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Why a standardized method for sharing security information is needed

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One of the biggest challenges facing InfoSec teams when it comes to responding to a vendor assessment request is the sheer volume of standard questionnaires and frameworks there are. And that’s before we get to custom questionnaires, which makes up 71% of assessment requests according to industry research, many of which have hundreds of questions.

Because every business and every industry has different security requirements, there will likely never be one standard questionnaire to rule them all—even if there exists a strong set of common controls across many of the top frameworks. But what is fast becoming the standard is the expectation that buyers and sellers alike should take a proactive approach to vendor security. Whether it’s customers researching or requesting security documentation at the beginning of the relationship or vendors sharing their security profile even before the initial discovery call, building the relationship on the foundation of trust and transparency is key.

With that in mind, companies should be more concerned with the security controls outlined in whatever questionnaires, certifications, or audits provided rather than checking the box that your vendor filled out your questionnaire. As long as your security requirements are being met, it shouldn’t matter where that information came from.

Flexibility is key. Don’t demand vendors respond to your questionnaire just because that’s the way it’s always done. Accepting a pre-completed standardized questionnaire will save your team time in the long run because you won’t have to chase down answers, you’ll already have them. They’ll just be in a different format.

To further build on that point, we recommend vendors build out a robust security profile ahead of time that includes all of the relevant security documentation customers might need to complete an assessment.

Building the perfect profile

At first glance, it might seem like a fool’s errand to proactively build and share a security profile with your customers because so many of assessment requests include custom questionnaires, but trust us when we say it’s not. According to the 2021 State of Vendor Security report, 82% of respondents said they would be willing to begin the assessment process with an on-demand questionnaire.

When building out a security profile, you need to put a lot of thought into it and make sure you are providing all of the relevant information a customer might need to assess the risk of your company. Putting in the effort in the beginning will save your team countless hours down the road because you’ll no longer have to respond to questionnaire requests as they come in. To help you get started, we’ve outlined the key elements every security profile should have.


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Find the right tool

One of the most frustrating parts of the vendor assessment process in the past was how clunky and poorly organized security documentation was. Most solutions consisted of documents in Google Drive or some other repository, spreadsheet questionnaires, and emails. It was a nightmare to keep track of the status of each assessment, especially with the sheer number of vendors a typical company assesses in a given year.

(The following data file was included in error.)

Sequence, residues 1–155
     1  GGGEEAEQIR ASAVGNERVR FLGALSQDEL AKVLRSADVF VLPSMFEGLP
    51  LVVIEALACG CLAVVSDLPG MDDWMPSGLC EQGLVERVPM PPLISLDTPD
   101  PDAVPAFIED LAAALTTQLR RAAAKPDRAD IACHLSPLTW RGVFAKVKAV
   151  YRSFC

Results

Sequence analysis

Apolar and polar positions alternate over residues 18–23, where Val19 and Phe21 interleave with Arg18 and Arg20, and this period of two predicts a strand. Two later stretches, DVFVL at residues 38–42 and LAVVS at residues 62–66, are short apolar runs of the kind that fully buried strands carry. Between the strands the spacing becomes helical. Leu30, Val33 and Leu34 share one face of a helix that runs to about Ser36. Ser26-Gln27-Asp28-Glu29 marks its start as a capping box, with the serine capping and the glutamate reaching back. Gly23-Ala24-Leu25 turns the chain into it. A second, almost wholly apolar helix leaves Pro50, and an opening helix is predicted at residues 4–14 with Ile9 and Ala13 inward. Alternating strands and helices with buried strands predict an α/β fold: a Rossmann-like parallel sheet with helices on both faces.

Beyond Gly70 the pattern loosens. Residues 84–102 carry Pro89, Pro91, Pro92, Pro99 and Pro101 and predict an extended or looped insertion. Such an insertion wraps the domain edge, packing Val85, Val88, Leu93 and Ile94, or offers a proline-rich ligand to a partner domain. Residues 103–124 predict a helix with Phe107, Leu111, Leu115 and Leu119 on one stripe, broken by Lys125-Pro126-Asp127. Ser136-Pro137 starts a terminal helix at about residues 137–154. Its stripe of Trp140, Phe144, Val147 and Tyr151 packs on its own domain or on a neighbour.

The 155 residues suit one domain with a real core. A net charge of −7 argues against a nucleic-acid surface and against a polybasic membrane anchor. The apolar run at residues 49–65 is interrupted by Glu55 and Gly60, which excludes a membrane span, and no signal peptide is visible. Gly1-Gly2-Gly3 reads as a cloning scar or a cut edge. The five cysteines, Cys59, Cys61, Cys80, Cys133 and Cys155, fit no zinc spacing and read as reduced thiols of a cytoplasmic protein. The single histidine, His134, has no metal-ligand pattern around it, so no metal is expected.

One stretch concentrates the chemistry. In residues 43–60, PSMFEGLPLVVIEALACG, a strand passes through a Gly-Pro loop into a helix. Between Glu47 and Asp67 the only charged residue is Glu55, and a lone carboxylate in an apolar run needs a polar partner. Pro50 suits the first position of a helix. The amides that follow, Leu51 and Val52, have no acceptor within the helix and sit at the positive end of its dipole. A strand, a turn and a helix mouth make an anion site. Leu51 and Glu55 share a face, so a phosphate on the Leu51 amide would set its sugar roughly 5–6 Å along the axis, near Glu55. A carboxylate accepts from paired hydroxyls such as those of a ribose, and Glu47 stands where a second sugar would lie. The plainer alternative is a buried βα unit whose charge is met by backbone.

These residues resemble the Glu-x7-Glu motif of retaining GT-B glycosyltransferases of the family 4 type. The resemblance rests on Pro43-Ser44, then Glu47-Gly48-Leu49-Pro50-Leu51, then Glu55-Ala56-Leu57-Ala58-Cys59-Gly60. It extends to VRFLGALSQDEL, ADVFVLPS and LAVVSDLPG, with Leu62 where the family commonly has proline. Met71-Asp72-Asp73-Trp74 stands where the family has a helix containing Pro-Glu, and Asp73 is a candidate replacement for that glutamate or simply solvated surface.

Luckily, significant advancements have been made in recent years and tools, like Whistic Profile, have been developed to consolidate all of your security documentation in one place, making it easy for vendors to share and customers to assess.

Put an NDA in place

Proactively sharing and publishing security documentation might seem scary, that's why it’s recommended to protect yourself with an NDA. In addition, you should have controls in place that limit who has access to your information and for how long.

Provide a brief introduction

Once you’ve got all your t’s crossed and i’s dotted and have an NDA in place, provide customers with an introduction to the security practices at your organization, your stance in security, risk, and compliance, contact information, along with information on when the Profile was last updated.

Upload audits and certifications

You’ve put in the work getting your SOC 2, ISO 27001, FEDRAMP or any number of certifications, now it’s time to show them off. Upload all of your relevant security certifications and audits so they can easily be accessed and viewed by customers and prospects while assessing your company.

Complete relevant standard questionnaires

InfoSec teams should target the top three to five security questionnaires requested by their customers and self-assess against them. Completing that many questionnaires in advance might seem like overkill, but in the long run it will save you time and ensure your security posture has been thoroughly vetted, covering all of the control areas a potential customer will want to dig into.

Share over and over again

Once you’ve built a profile, the hard work is done. Now you just need to share it proactively with customers to build trust early in the sales process. This can be accomplished by enabling customer facing teams, including your sales reps, to share your profile with their prospects when they first engage them rather than waiting for the prospect to request it.

Learn more

To learn more about 2022 vendor security trends according to Whistic, download our latest ebook and be on the lookout for our next blog post that will dig into the importance of standardizing how security information is shared.

Information Security